Here’s a sentence you won’t read every day: The president and first lady sat down with the members of Led Zeppelin, a former prima ballerina and Dustin Hoffman on Sunday night. And, um, Buddy Guy and David Letterman were there, too.

In other words, an unusual but somehow typical crew looked down from the main mezzanine box at the Kennedy Center for the 35th annual Kennedy Center Honors on Sunday.

As usual, the Honors — part performing arts carnival, part hall-of-fame induction ceremony, part fundraiser and fancy-schmancy dinner — had a little something for its honorees and a lot for everyone else.

There were TV stars saluting a TV superstar (Letterman); exquisite dancing (in tribute to honoree Natalia Makarova); a great movie actor, Robert DeNiro, attesting to the chops of an acting icon (Hoffman); raucous blues (for Guy); and even raucous-er classic rock (for Zeppelin’s Jimmy Page, Robert Plant and John Paul Jones).

President Obama, during pre-ceremony remarks at the White House, noted correctly that such an unlikely collection of artists “had no business being on the same stage together” and that his speechwriters had struggled to find a smooth transition from “ballet to Led Zeppelin.”

The Washington Post’s Ned Martel talks to stars on the red carpet at the Kennedy Center Honors. The annual awards were given to Dustin Hoffman, David Letterman, Buddy Guy, John Paul Jones, Robert Plant, Jimmy Page and Natalia Makarova for their cultural contributions to the nation. (Gabe Silverman/The Washington Post)

The ceremony itself featured the high, the low and quite a few things in between.

In honor of Makarova, who defected from the Soviet Union to the West in 1970, dancers performed pieces from her signature roles in “Giselle” and “Romeo and Juliet.” Makarova, attired in red-and-black head scarf and gown, watched in apparent delight. She was, incidentally, overlooking the same stage on which she was badly injured in 1982 when she was hit by falling scenery equipment during a performance of “On Your Toes” (undaunted by a gashed head and broken shoulder blade, she made it to the Broadway opening of the show two months later — and won a Tony for her performance).

Morgan Freeman, introducing fellow Mississippian Guy, said the musician “mastered the soul of gutbucket” blues and created “a bridge from blues to rock ‘n’ roll.” Which was a pretty good segue for tribute performances by Tracy Chapman, guitar legend Jeff Beck (accompanying Beth Hart on a soulful “I’d Rather Go Blind”) and Bonnie Raitt. The massed performance of “Sweet Home Chicago” had everyone on the lower level of the house on their feet (the grownups in the mezzanine stayed seated).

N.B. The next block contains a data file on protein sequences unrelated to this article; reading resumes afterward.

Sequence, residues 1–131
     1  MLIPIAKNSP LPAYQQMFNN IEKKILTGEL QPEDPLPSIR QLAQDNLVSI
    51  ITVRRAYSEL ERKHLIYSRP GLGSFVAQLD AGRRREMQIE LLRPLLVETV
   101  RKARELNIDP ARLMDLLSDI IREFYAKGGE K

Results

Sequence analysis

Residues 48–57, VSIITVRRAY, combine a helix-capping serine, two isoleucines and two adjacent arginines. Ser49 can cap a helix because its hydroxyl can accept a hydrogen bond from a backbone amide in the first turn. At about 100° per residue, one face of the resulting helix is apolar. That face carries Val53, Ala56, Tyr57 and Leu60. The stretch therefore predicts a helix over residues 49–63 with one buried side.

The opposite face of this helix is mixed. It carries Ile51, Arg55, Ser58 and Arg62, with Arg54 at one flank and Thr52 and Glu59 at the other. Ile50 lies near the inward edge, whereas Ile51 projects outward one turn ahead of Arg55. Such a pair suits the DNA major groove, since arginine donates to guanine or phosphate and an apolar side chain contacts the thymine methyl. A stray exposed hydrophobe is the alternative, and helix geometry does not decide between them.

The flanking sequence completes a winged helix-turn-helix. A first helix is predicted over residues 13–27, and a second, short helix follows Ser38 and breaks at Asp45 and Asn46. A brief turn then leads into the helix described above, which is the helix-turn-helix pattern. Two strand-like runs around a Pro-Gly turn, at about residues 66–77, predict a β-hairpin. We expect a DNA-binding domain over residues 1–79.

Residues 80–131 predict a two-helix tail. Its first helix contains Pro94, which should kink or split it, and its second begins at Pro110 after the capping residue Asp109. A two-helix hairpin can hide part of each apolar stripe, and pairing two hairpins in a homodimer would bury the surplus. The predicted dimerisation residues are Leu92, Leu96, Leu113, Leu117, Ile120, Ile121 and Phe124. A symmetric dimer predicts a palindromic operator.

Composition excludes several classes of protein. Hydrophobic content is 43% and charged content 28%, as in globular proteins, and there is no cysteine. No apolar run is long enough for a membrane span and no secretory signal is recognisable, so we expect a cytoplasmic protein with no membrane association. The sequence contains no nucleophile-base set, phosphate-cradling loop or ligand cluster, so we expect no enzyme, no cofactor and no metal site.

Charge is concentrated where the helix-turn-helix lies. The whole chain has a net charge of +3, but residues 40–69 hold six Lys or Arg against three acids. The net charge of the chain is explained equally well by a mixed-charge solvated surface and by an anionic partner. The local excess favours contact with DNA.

Letterman, who has probably made more people laugh than just about anyone in human history, was lauded by Tina Fey, who explained that Letterman “began his career as a choreographer and black opera singer in the 1950s.” She called him a national treasure “like the Grand Canyon, the Chicago skyline or the top two Kardashians.” Letterman, among many others, laughed heartily.

Alec Baldwin did his own Top 10 list (“Top 10 Reasons David Letterman Is Getting a Kennedy Centers Honor”), which stiffed except for his veiled reference to Jay Leno (“No. 7: He didn’t leave late-night for a six-month stint in primetime”).

Jimmy Kimmel, a late-night heir of Letterman’s, noted that in high school, he started a David Letterman fan club, and this became “the reason I would fail to make love to a live woman for many, many years.”

For the big finale, there was, of course, Led Zeppelin, which rated four musical numbers and overflowing, hilariously overwrought praise from presenter Jack Black (“They sang songs about love, about Vikings, about Vikings making love!”).

Then came Foo Fighters, with usual frontman Dave Grohl banging away on drums (connection: He teamed with Zep bassist John Paul Jones in the supergroup Them Crooked Vultures); they thrashed admirably through “Black Dog” and “Rock ‘n’ Roll.”

Kid Rock (Kid Rock?) was surprisingly credible on a medley of “Babe, I’m Gonna Leave You” and “Ramble On.” And Lenny Kravitz gave a reading of “Whole Lotta Love” that was worthy of Plant himself.

Producers George and Michael Stevens set the musicians in front of an enormous backdrop of a gloomy and decrepit gothic church. There were seizure-inducing strobes, bottom-rumbling bass lines and smoke effects, which may be why a small group of older folks tiptoed out. The whole thing suggested both a Zeppelin arena concert in the ’70s and a bit of the Stonehenge set in “Spinal Tap.” When it was over, no one held up a lighter.

And then, inevitably, for the big windup: “Stairway to Heaven,” sung by Heart’s Ann Wilson backed by Nancy Wilson on guitar and a giant choir wearing bowler hats. On drums was Jason Bonham (son of, and sometime stand-in for, the late John Bonham, he of the bowler hat and Led Zeppelin’s fourth member).

In addition to the honorees, President Obama and first lady Michelle Obama, the Honors attracted its usual crowd of swells and Important Folks dining out on who knows whose dime. Among others, there were House Minority Leader Nancy Pelosi, Defense Secretary Leon E. Panetta, White House adviser David Axelrod, Glenn Close, Aretha Franklin, Stephen Colbert, Republican presidential candidate Jon Huntsman, Cal Ripken Jr., CNN’s Wolf Blitzer, CBS morning host Charlie Rose, “Meet the Press” moderator David Gregory, jazz musician Herbie Hancock and former Honors recipient Yo Yo Ma.

The Honors ceremony will be shown on CBS on Dec. 26.